Magnetically shaped cell aggregates: from granular to contractile materials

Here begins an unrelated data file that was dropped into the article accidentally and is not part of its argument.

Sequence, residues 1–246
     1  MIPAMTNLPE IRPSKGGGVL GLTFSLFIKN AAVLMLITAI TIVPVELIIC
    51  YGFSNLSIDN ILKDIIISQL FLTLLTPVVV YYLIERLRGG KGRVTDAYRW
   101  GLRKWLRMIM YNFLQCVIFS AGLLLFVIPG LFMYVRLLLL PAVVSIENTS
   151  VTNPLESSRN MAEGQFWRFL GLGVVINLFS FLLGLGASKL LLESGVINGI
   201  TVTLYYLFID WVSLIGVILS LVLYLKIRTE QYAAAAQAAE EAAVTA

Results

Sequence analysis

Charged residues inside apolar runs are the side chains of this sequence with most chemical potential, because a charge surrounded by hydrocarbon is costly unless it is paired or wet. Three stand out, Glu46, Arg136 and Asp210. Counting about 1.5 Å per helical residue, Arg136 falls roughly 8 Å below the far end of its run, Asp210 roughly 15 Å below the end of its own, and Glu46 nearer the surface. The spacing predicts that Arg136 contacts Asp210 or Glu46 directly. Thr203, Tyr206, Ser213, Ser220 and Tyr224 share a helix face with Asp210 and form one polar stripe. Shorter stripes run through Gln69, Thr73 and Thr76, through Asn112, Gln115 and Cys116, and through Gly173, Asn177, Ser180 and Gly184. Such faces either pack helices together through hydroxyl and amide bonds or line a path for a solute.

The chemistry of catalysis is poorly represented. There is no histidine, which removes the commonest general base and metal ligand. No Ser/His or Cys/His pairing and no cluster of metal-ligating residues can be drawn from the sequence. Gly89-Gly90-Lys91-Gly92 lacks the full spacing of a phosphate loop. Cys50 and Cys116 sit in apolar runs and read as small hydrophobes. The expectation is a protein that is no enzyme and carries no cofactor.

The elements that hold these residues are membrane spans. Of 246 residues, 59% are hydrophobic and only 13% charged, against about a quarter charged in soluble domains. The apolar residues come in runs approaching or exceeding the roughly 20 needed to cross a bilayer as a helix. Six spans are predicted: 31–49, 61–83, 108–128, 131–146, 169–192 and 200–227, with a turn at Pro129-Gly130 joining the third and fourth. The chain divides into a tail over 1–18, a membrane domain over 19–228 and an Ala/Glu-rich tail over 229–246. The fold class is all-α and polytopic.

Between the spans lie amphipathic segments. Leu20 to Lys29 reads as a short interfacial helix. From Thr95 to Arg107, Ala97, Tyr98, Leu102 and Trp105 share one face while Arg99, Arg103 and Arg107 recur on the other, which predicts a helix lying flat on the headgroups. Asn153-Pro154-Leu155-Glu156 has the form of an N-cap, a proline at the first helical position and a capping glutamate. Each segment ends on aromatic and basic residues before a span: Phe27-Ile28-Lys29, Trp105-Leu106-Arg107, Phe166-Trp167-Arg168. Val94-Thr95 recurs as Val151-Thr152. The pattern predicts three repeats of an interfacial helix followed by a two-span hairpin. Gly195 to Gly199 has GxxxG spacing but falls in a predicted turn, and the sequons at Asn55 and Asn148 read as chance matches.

In recent decades, significant advances have been made in the description and modelling of tissue morphogenesis. By contrast, the initial steps leading to the formation of a tissue structure, through cell–cell adhesion, have so far been described only for small numbers of interacting cells. Here, through the use of remote magnetic forces, we succeeded at creating cell aggregates of half million cells, instantaneously and for several cell types, not only those known to form spheroids. This magnetic compaction gives access to the cell elasticity, found in the range of 800 Pa. The magnetic force can be removed at any time, allowing the cell mass to evolve spontaneously thereafter. The dynamics of contraction of these cell aggregates just after their formation (or, in contrast, their spreading for non-interacting monocyte cells) provides direct information on cell–cell interactions and allows retrieving the adhesion energy, in between 0.05 and 2 mJ m−2, depending on the cell type tested, and in the case of cohesive aggregates. Thus, we show, by probing a large number of cell types, that cell aggregates behave like complex materials, undergoing a transition from a wet granular to contractile network, and that this transition is controlled by cell–cell interactions.